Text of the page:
Our international program consisted of the two 10th grade classes, the 7th grade class, and a 1st grade class during my internship (now it is twice as big because the new school year has started), making up only a very small portion of the school as a whole. We had two teachers for primary and one teacher for every subject in middle/high school (except for English). Both upper grades follow the Cambrige curricumlum, a two-year program that would allow students to take a Cambrige level test (IGSCE in middle school, AS level in high school) at the end of next school year. Thus, I was teaching the second semester of a four semester program. The material is significantly more advanced than that of the ordinary Indonesian national curriculum, and was for the most part extremely challanging for many of the students.

The especially advanced material for the AS level English Language test in high school proved to be particularly challanging both to learn and to teach. It consists of reading and writing on an advanced level, high language comprehension skills, in addition to knowlege of basics like audience, tone, style, genre, and language features for examining and creating texts. The goal is for the students to be able to master the art of recognizing this in featured literature and (re-)produce it in their own writing. This means that I was teaching to the test, helping my students to understand and correctly answer certain specific types of tasks. Because of the difficult material and the time-consuming assignments, there was little space for me to do more creative, diverse task types – to both my and especially the students dismay. Despite my best efforts at changing things up a bit, students often remained bored with the material and consequently unmotivated. This made for a very hard class to plan and teach.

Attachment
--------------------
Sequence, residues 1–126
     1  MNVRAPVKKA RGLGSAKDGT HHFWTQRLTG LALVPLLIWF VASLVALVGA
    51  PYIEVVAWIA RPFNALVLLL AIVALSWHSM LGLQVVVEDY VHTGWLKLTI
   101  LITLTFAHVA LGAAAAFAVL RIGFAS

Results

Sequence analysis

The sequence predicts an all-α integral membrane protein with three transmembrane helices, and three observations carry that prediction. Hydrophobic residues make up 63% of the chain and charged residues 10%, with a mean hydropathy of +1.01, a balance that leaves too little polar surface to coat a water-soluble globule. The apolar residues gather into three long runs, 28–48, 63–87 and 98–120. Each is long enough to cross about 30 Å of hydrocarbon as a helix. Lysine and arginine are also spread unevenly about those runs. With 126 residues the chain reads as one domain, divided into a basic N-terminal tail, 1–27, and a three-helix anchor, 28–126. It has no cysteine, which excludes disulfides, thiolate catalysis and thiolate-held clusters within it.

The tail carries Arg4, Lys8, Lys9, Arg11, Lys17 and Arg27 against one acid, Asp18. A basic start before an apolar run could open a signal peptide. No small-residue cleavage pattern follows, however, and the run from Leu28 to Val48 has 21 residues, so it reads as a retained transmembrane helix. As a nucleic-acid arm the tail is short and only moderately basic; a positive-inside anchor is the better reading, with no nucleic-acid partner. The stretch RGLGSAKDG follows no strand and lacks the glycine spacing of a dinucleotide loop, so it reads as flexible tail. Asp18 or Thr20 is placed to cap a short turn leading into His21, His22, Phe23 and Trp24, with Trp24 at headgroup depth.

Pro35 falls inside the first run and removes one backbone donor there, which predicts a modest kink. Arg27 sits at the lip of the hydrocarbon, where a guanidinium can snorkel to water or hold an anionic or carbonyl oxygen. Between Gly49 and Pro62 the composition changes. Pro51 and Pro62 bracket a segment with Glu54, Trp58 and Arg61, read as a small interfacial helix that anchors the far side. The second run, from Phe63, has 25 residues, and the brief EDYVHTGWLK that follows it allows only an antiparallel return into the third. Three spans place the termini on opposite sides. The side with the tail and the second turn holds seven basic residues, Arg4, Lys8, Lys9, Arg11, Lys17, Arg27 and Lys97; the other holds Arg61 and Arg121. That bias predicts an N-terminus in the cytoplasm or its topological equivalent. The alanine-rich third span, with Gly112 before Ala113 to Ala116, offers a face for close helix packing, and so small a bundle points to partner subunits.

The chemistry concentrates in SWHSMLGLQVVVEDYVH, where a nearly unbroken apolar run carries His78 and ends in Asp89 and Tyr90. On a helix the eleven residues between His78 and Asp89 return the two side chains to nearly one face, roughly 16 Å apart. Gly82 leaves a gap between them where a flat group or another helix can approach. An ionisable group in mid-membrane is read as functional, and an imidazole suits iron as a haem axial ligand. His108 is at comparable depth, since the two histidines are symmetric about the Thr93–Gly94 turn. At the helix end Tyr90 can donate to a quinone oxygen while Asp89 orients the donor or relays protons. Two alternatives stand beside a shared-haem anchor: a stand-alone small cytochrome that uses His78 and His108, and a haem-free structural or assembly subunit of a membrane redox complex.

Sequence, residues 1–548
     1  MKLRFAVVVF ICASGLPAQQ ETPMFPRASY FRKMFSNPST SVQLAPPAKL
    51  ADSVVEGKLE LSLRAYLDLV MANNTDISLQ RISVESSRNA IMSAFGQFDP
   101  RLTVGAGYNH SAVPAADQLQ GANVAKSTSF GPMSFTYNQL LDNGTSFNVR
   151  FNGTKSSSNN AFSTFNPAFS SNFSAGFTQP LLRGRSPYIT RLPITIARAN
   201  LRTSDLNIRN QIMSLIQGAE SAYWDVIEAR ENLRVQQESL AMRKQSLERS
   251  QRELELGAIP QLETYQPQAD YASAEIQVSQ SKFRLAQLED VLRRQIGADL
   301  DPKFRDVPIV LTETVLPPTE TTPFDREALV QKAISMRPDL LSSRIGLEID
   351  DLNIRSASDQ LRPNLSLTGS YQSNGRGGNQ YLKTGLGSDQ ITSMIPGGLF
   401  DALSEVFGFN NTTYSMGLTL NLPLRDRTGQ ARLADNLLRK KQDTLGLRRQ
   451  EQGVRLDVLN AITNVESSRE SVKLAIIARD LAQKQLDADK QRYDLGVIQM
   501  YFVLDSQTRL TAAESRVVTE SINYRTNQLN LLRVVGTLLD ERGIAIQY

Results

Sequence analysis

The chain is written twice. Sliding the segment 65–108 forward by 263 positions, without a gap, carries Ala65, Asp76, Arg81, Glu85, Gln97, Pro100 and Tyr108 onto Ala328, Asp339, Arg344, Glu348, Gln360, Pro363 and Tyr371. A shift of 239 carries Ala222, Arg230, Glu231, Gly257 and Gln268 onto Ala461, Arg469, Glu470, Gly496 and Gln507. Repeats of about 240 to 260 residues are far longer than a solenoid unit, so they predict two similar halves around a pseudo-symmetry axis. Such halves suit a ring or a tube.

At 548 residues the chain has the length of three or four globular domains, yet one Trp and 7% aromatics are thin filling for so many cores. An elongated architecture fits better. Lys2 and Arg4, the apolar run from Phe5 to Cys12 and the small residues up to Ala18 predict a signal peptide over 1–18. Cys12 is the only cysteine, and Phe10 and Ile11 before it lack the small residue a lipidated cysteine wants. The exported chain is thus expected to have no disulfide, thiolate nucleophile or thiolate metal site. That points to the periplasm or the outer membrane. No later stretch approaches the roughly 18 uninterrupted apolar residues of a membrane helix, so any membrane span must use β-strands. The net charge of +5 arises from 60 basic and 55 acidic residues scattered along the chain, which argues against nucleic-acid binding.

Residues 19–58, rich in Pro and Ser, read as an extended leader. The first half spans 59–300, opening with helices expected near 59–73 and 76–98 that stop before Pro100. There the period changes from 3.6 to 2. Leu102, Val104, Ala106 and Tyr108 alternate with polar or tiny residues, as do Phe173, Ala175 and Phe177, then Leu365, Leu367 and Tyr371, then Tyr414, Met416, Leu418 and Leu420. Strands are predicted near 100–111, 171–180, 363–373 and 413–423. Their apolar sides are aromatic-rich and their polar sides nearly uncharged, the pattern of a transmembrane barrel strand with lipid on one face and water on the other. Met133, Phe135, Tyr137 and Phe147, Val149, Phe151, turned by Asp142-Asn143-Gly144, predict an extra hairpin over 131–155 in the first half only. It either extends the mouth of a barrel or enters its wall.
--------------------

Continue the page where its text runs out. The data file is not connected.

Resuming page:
The IGSCE English Language curriculum consisted mainly of training the four language skills and practicing different types of assignments that would be found on the test over a variety of topics such as telephone conversations, giving advice, and writing résumés. This material left much more room for creative freedom and supplementary exercises in class. Most of the time I would avoid using the textbook at all, as assignmemts were often unclearly formulated. As I was not the main teacher responsible for the subject, I would often have a hand in the construction but never the correction of assessments for both grades.